19. Great set of shots, makes me a little nostalgic for the place.
  20. Only if they open the reservoir doors
  21. This one will take you ten minutes if you park near the reservoir I do quite like these though, especially the Ladybower one.
  22. Haha, nah might leave this one out next time. The bridge thing overhead and the brickwork was pretty cool. It was far too short though! Thanks
  23. History Up on the bleak moorland, just outside the small spa town of Buxton, is Harpur Hill and its large 222 ha Health and Safety Testing Facility. Funded under the Government’s Private Finance Initiative, the £56 million laboratory was constructed back in 2002. Years ago, back in 1938, Harpur Hill was a remote RAF base that housed bunkers and an underground ammunition store; therefore, the land was found to be suitable, and still rural enough, for redevelopment into a testing facility. Presently, part of the site has been used to reconstruct a Jubilee Line, using old London Underground trains. It aims to recreate the 7/7 London Tube bombings so the safety of future carriages might be improved. The facility warns that whenever red flags are flying at designated posts around perimeter, a toxic explosion on the site is imminent. Other experiments at the site have involved crash testing trains, heating up shipping containers packed with fireworks and replicating other notable accidents. According to local rumours, although public footpaths run through the grounds of the facility, the site is closely monitored by sensors, and watched by CCTV cameras, and they observe your every move! A team of camouflaged ‘Area 51’ style guards also hide in the bushes and patrol the perimeter on half-hourly rotations. The locals say so, so it must be true. What is more, aside from normal workers, it is believed that a team of scientists live onsite; apparently, they have been sighted exercising on the grounds, but they are never allowed to leave. Finally, the old tunnels are said to still be in service, but whatever goes on down there remains a tight secret. Our Version of Events Anyone who has read our previous reports will know that for a while we rolled around in a bright orange car – not by choice we hasten to add. For this explore, though, we decided to ditch the old beast, and go for something more covert, given that this site sounded like Fort Knox. Our choice would have been a tank, to bypass the ‘Area 51’ style guards, but nowhere we know had any of those available. Instead, we had to settle for a blue car; we could only hope it would blend in with the surrounding countryside. Doing our best to look like ‘hikers’, with Peter Storm boots, plastic anoraks and a bit of tweed, we abandoned the new motor in a layby and joined the footpath that leads towards the facility. To avoid the ‘commandos’ in the bushes, we pretended to look like lost walkers, gazing hard into the sky as though we were trying to find the North Star; we hear that’s how ‘propa’ hikers navigate. Eventually, after leaving several false trails in our effort to shake the guards, we reached the perimeter fence. However, by now it was lunchtime, and being hikers we’d brought our sandwiches and Ginsters pasties with us, so it was crucial we sat down to eat them. The lukewarm flask of tea went down nicely at this point too, it’s thirsty work trying to be stealthly. After making some final adjustments to our thick woollen walking socks, we decided to orientate the map and check our bearings. A couple of pasty crumbs deceived us at first, as we thought they were buildings, but because one of us has gained our Bronze Duke of Edinburgh Award we were eventually able to spot the mistake. So, guessing we were right on the right course, we set off once again. Judging by the brown wiggly lines on the map, it looked as though the motion sensors were dead ahead. Of course, being prepared for every eventuality, we’d brought air-freshener with us to combat this obstacle. A great plume of Air Wick’s 4 in 1 Lavender scent was released in front of us as we walked; we hear that ‘pro urbexers’ do this to make motion sensor laser beams appear. Don’t worry, for those of you who are wondering, we did a couple of stretches right after we got the air freshener out, to make us supple enough for a game of Twister, and to squeeze between the beams if necessary. Several moments later, despite our tactics, security must have spotted us because a pack of scientifically altered dogs from the laboratory were on our tail. Ignoring the legendary advice that you shouldn’t run on a full stomach, we hit legs. The great steroid injected beasts were right behind us now, foaming at the mouths and growling loudly. Being prepared ‘urbexers’ though, we reached into our High Gear rucksacks and pulled out three fresh steaks – Tesco’s Finest, from some made up farm somewhere. Ford Mayhem lobbed them behind us as hard as he could manage. The trick seemed to work, as the dogs quickly stopped and devoured each other in the frenzy. The four of us, breathless after running, reached the final perimeter; it was a large 32.7 foot palisade fence with razor wire fixed on top. As we grumbled amongst ourselves, that the ‘locals’ had failed to tell us about the fence, we decided to take a break and come up with a plan. Feeling hungry once again, and knowing we had to keep our energy up, we pulled out a gas stove and a couple of Wayfayrer flat-packs (sausage and beans). An awkward silence ensued as we tucked into our meal; knowing that you might lose a testicle climbing a fence puts a bit of a downer on things… … And then we stopped daydreaming about the local rumours. In reality, there were no guards, motion sensors or any air freshener. The modified dogs weren’t real either, they were sheep, and, as far as we could tell, they weren’t modified in any way at all. Other than passing through a couple of muddy fields, reaching the underground trains was actually fairly straightforward and largely uneventful. It did feel a little odd being sat on a London Tube train with Peak District scenery in the background of course. Overall though, it was great to see and experience the site as it was interesting to see London Underground trains ‘out of context’ so to speak, and because some great work is being done here – we only wish we’d been present when they put fireworks inside a shipping container. Explored with Ford Mayhem, Meek-Kune-Do and Husky. *No tweed was worn for the duration of this explore. 1: 2: 3: 4: 5: 6: 7: 8: 9: 10: 11: 12: 13: 14: 15: 16: 17: 18: 19: 20: 21: 22: 23: 24: 25: 26: 27: 28: 29:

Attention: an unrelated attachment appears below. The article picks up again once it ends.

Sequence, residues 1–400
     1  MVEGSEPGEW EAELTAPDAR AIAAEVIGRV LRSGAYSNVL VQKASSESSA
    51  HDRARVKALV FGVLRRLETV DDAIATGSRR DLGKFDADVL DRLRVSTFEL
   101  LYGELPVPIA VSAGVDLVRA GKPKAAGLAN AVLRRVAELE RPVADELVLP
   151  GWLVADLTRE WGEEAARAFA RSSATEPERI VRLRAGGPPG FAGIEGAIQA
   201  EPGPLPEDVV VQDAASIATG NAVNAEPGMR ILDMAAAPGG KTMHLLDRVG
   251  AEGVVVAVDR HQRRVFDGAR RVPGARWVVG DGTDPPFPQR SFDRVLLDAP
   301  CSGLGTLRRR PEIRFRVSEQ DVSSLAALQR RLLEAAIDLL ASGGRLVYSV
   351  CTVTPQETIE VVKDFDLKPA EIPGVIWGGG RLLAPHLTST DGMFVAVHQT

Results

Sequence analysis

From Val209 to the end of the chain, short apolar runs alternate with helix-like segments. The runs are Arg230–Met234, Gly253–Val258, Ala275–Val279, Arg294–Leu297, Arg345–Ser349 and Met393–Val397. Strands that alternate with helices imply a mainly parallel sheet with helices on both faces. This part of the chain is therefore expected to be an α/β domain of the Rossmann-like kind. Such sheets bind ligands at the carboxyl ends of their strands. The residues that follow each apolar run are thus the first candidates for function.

24. :) Thanks, glad you enjoyed it.